Suspect named in Vegas deaths LAS VEGAS - A man was being sought Sunday as the prime suspect in a shooting on the Las Vegas Strip last week which led to a fiery crash that left three people dead and several others injured. Las Vegas Police Capt. Chris Jones said Sunday that investigators are sorting through evidence to find Ammar Harris, 26, after the discovery Saturday of a black SUV used as a getaway car in the shooting and six-vehicle chain-reaction carnage. Jones cited "lots of information coming at us all at once, especially on the Range Rover" that was seen speeding away from the scene Thursday.
NEWS
December 6, 2012
By Chad Goerner An Inquirer poll this fall showed that New Jersey residents are increasingly in favor of municipal consolidation and shared services. It may not be clear to elected officials attached to "home rule" in a state with 566 municipalities (soon to be 565), but the residents are right. A year ago, the residents of Princeton Borough and Princeton Township, where I'm the mayor, approved the state's first large municipal consolidation in more than a century - a move expected to save millions and improve services.
NEWS
October 30, 2012 | By Jan Hefler, David O’Reilly, Edward Colimore and Barbara Boyer, INQUIRER STAFF WRITERS
Somewhat to their surprise and much to their relief, South Jersey communities inland awoke Tuesday to find they were relatively unscathed from Sandy. There were downed trees and power outages all over, but early assessments found nothing much worse, though the lingering loss of power was beginning to try some residents' patience by Tuesday afternoon. Burlington County is dispatching crews and emergency equipment to neighboring Ocean and Atlantic Counties, which were hit a lot harder, Ralph Shrom, the county spokesman, said Tuesday.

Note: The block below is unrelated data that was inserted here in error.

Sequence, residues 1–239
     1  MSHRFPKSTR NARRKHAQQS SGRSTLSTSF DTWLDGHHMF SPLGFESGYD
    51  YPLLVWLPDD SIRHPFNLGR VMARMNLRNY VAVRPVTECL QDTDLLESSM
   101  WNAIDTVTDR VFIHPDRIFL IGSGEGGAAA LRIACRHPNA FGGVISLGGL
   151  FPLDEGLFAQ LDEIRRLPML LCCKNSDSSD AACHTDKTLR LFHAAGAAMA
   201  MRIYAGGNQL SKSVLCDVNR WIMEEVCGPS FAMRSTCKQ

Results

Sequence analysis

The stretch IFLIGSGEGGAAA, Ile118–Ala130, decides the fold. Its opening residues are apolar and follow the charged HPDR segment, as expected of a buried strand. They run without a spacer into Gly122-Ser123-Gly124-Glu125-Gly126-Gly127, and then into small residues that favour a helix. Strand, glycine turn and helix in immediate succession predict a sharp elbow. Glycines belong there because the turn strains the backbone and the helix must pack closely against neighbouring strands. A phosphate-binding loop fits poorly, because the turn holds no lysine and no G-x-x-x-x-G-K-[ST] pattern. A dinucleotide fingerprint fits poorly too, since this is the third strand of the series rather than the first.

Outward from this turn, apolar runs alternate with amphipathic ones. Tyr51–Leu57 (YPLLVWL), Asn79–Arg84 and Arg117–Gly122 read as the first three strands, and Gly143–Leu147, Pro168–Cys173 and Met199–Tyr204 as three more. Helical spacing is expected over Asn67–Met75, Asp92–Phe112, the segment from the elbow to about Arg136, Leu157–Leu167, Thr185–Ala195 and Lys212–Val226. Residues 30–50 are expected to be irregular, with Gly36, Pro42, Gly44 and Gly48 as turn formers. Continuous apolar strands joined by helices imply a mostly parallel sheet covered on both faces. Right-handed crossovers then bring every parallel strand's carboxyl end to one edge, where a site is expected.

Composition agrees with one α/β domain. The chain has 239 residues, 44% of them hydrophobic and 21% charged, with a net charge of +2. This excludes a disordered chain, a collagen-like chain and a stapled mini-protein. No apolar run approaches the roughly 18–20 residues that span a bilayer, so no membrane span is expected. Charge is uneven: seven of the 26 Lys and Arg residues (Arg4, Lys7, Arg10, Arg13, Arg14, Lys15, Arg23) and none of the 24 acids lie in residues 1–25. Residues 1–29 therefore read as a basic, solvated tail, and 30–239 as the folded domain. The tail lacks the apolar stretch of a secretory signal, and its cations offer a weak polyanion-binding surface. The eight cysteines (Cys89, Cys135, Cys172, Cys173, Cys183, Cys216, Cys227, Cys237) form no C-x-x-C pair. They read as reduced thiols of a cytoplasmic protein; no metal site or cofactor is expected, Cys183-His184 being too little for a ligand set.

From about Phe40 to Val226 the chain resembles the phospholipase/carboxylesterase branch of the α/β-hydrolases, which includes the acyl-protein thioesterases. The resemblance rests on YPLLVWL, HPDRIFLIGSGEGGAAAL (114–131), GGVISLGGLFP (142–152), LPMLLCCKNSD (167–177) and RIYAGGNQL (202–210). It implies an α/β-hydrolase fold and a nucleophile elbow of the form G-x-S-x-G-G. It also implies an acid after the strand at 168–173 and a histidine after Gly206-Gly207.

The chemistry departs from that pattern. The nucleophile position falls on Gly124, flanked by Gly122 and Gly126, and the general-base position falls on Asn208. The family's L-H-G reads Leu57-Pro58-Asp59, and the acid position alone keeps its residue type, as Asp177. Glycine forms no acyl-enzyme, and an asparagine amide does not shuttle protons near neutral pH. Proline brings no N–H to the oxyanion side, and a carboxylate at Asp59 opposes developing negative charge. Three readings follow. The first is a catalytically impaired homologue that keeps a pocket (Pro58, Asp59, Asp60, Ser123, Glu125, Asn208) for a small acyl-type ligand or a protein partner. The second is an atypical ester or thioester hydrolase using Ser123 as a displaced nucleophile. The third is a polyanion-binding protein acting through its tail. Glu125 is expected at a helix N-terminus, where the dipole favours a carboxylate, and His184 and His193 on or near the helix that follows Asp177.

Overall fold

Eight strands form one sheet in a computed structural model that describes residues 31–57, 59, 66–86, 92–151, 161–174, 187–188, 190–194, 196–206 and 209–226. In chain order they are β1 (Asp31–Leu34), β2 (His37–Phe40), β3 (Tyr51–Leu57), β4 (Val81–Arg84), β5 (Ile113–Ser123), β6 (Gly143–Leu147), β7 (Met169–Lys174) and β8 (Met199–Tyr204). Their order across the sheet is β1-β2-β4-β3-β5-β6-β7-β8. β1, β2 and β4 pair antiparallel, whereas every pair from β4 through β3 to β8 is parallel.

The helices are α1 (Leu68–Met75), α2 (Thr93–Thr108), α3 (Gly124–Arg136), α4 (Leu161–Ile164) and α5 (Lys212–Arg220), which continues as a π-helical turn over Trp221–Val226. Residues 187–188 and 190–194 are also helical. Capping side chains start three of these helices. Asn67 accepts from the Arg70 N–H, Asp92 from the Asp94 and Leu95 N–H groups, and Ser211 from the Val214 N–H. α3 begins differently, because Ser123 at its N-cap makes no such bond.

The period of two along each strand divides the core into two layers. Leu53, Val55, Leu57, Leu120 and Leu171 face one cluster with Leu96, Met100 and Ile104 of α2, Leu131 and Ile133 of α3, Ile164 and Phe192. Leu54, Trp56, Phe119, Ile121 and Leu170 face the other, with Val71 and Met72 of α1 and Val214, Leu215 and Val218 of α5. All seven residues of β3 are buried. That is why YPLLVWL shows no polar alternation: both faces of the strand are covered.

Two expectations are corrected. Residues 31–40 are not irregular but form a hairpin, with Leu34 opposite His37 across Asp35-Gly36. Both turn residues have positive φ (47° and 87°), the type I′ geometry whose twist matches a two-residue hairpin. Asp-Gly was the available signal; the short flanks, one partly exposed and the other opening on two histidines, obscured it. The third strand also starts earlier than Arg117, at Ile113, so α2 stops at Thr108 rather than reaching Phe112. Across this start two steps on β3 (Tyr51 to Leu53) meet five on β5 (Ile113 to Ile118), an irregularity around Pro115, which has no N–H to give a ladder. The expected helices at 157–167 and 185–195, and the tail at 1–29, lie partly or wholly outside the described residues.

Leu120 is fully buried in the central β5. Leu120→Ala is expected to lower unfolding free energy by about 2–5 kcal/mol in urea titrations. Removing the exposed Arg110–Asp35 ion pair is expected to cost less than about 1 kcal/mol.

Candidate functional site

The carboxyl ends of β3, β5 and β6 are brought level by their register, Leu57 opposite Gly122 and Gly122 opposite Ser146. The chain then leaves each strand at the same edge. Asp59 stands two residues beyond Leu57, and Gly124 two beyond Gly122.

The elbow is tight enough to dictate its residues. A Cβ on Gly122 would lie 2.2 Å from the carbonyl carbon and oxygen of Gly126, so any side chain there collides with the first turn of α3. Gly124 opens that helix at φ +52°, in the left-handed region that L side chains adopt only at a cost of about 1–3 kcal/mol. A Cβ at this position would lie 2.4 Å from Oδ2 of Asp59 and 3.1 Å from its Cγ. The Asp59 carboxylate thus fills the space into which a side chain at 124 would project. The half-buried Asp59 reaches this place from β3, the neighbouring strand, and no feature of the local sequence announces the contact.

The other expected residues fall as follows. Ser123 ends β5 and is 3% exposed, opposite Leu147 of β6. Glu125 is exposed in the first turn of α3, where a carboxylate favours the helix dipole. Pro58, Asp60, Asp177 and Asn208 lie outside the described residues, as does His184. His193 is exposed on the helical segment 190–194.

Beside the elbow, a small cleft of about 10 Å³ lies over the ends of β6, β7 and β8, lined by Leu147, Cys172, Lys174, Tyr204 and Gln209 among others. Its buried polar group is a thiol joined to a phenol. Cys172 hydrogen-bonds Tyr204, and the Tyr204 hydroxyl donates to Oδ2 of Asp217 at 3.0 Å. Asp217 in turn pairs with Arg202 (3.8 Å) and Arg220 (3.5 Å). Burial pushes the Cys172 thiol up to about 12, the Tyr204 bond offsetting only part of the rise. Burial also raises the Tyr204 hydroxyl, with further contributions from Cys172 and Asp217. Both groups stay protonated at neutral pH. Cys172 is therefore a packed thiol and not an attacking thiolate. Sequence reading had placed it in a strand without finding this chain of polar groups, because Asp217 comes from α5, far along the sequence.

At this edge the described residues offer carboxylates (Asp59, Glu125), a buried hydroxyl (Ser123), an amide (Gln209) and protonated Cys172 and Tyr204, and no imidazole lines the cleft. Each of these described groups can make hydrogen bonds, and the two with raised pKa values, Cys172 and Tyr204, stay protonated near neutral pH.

NEWS
October 30, 2012 | Associated Press
NORTH BERGEN, N.J. - Not only is Nicholas Sacco the mayor of this township on the Hudson River, he's also its state senator and assistant superintendent of schools. "Where does he find the time?" Gov. Christie asked about Sacco at a town hall meeting last month. Christie has been flaunting Sacco's resume and paychecks - he makes nearly $300,000 a year - as an example of why New Jersey needs to pass an ethics reform bill that would ban residents from holding multiple public jobs, a longstanding New Jersey tradition.
NEWS
October 15, 2012